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Pipelined Sorter

The pipelined sorter is a divide and conquer approach applied to the MapOutputBuffer’s sort which operates on an entire chunk of 256 or 512 Mb of data space. The primary assumption is that for a significant number of hadoop installations the CPU is under utilized by the task tracker, with the fundamental limit for the map slots being the disks available.

The DefaultSorter uses two buffers ­ kvbuffer (data) and kvmeta (metadata) which grow from different parts of the large buffer allocated for operations.

The PipelinedSorter uses a series of similar buffer pairs which grow only in one direction and involve no looping around back to the front. These buffer­pairs are marked as a container class named SortSpan.


The allocation system pre­allocates 16Mb for the first kvmeta and then proceeds to mark the rest of the entire buffer for kvbuffer0. The collect proceeds normally until either the entire buffer is full or kvmeta0 acquires 1M items (16 byte per item, 1024x1024 items).

At this point, the kvbuffer0 is marked off as full. The remaining buffer is now allocated according to the per­item ratio from kvmeta0.size() vs kvbuffer0.size(). If the per item size is larger than expected, then the kvmeta1 will have fewer items in the reserved space (so <16Mb space). The collect thread proceeds to switch to use only kvmeta1 and kvbuffer1 (which is again the length of the whole remaining buffer).

A separate executor service (sortmaster) is hosting a threadpool for sorting the data that has been collected into the kvmeta0 & kvbuffer0. The sortmaster.submit returns a future result which is submitted to the merge heap, but the result has not been evaluated yet.

Since every single sort span is share­nothing in nature, the sort operations can happen in parallel & out of order for any number of spans without any dependency conflicts. The only criteria is that the comparator operates in a thread­safe manner ­ most binary comparators are, but the default thread count is 1 to be safe.

The spill is triggered when the last span cannot hold any more items or the task is over. The spill needs to wait for all the sort futures to return before it can attempt a merge to disk. There is no lock here except for the implicit one in Future::get().

The merge operation is a simple java.util.PriorityHeap with one code fast­path. The merger provides a partition filter which is an iterator wrapper which will return false when the current partition != the filter provided. This means that the data to IFile is being streamed from the in­memory merge instead of being merged prior to the write.

The merge for the SortSpan case is unique among all the other merges in hadoop, because it actually has random access (because it is in memory) into the various lists it is merging.

bisect: If two keys are read from the same sort span consecutively, it tries to do a bisect() operation with the least key from the second least sort span. This does a binary­search for second.key() in the first sort span, trying to avoid comparing against a large number of keys. The bisect returns the offset to which the least sort­span can “gallop” to before performing another compare. This is especially useful in scenarios where a huge majority of the keys are identical or if the input key list is already in order.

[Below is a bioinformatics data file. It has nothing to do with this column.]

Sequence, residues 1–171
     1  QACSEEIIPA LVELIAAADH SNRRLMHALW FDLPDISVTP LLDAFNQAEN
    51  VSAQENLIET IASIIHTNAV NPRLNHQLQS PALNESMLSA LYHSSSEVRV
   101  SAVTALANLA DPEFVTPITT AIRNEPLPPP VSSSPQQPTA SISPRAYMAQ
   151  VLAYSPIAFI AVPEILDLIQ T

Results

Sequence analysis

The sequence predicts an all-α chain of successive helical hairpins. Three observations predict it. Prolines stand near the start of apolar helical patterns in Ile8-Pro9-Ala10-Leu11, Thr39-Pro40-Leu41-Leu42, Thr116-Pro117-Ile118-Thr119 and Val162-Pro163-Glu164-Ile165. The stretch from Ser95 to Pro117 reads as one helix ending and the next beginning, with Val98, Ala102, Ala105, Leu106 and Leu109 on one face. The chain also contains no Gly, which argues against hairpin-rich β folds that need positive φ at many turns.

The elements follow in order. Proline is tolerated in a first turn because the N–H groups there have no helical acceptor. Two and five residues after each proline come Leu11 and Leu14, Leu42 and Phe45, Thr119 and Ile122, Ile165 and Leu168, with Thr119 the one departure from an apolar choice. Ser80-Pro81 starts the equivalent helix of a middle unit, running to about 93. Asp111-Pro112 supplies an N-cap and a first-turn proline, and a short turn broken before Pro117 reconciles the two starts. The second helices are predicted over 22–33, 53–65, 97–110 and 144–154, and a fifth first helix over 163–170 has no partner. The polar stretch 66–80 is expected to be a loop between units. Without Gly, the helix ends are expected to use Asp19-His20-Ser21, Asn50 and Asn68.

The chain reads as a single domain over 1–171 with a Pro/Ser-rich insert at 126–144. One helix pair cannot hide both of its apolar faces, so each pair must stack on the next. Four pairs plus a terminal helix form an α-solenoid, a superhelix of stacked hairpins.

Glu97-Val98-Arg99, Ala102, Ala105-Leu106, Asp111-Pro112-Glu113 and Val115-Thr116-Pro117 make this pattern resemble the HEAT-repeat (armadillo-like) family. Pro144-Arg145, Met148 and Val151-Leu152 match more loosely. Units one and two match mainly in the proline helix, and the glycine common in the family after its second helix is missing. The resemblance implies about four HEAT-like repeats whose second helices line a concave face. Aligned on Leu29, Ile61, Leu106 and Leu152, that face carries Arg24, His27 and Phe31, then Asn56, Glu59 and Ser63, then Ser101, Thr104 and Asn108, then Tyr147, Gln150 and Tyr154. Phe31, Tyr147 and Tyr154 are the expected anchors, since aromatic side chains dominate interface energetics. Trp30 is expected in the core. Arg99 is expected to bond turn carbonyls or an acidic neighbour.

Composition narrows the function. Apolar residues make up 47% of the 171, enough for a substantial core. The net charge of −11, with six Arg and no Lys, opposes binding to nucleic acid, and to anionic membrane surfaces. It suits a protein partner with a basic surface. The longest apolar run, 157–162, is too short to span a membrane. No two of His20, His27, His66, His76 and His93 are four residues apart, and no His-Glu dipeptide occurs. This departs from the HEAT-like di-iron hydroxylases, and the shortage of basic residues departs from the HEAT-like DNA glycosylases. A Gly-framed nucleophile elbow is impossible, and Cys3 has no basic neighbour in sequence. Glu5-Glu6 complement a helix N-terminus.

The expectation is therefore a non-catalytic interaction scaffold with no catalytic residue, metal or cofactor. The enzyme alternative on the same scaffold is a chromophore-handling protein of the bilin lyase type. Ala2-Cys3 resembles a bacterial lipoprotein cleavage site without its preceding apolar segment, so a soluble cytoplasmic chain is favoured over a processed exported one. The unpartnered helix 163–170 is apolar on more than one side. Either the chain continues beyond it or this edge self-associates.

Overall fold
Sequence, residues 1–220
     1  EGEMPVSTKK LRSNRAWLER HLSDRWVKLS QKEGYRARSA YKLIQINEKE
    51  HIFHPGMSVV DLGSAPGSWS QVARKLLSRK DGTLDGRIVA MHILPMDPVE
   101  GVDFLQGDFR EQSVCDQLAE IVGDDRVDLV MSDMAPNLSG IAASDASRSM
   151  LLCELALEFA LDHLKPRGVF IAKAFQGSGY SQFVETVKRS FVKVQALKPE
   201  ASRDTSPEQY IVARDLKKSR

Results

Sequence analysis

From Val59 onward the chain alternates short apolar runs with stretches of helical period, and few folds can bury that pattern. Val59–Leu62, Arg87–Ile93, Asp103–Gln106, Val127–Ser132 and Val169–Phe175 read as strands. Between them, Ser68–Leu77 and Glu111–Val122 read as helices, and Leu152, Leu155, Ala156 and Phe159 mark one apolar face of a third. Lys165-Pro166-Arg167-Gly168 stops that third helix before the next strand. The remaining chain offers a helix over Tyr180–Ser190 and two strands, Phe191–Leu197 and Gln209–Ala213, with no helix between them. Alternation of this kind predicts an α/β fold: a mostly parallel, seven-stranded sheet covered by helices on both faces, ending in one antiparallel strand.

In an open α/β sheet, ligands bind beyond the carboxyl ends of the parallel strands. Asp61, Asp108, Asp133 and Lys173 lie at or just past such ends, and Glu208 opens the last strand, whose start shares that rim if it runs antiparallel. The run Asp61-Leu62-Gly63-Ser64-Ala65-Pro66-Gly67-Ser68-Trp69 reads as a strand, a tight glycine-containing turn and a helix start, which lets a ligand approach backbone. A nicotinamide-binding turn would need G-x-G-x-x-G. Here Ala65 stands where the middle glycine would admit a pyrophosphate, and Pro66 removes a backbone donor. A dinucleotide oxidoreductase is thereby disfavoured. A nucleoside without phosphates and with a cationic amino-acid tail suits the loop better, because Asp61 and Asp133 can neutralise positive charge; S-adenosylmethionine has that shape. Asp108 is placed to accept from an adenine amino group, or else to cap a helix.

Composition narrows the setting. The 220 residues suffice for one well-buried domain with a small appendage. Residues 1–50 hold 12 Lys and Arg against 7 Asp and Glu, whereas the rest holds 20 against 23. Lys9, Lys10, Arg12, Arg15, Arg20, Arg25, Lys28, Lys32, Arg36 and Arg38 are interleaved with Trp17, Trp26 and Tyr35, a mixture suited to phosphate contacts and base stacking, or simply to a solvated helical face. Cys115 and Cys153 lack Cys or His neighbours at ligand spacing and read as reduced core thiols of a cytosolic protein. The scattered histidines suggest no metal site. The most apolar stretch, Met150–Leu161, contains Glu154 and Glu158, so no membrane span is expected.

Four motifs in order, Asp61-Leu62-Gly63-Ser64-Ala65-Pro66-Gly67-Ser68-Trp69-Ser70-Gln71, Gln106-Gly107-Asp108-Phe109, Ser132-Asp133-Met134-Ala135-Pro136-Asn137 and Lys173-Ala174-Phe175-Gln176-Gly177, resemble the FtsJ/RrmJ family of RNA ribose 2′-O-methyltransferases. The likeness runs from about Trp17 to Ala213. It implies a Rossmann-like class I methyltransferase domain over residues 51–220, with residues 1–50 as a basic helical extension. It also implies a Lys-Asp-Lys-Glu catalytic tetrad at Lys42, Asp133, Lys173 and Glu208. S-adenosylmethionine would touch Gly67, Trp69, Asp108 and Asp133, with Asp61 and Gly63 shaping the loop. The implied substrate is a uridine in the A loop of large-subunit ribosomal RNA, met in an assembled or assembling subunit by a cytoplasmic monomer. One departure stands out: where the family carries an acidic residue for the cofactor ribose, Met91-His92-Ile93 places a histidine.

RLE: The number of operations that resulted in an == compare result is kept track of during the sort and the merge, which comes of use in the output phase. The data being dumped to disk is RLE encoded if the key equality comes up at least 10% of the time. This optimization comes of use when the data operation is something like a join, where the keys repeat for a large number of times in the right table in the map-­join case.

The PipelinedSorter thus brings in two new features to the system ­ an ability to run multiple sort threads & a slightly better way of dealing with already sorted lists through the bisect.

IFile modifications & future use

fast­-forward-­merge: The RLE key scenario actually shines when it comes to merging the various spills together (not implemented yet), since the number of key comparisons during the merge is unnecessarily large when the same key is repeated a large number of times. So as long as the same key is being repeated, no further key comparisons are required as we can fast­forward that data into the merged file. To turn on RLE on the merged output without forcing more comparisons, a new magic DataInputBuffer has been added IFile.REPEAT_KEY, which will forward the RLE information from the input file into the output file without any comparison operations when fast­-forwarding through a merge.

bisect-­bulk-­merge: Similar to keeping the index record in the cache list during the merge, another approach to bring the bisect() behaviour to the spill merges is to keep track of 32 keys equally spaced in the spill file to check if we can gallop through any of the disk files while merging. This can potentially be held in the map container memory instead of being written to disk as it is by necessity a random access feature. Files without a bisect cache entry will regress to the present situation, but the real win is in skipping comparison operations during a disk merge and being able to literally copy all data from the current position till the bisect position without ever doing per­-record reads or compares.

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Last update:
‎08-17-2019 01:27 PM
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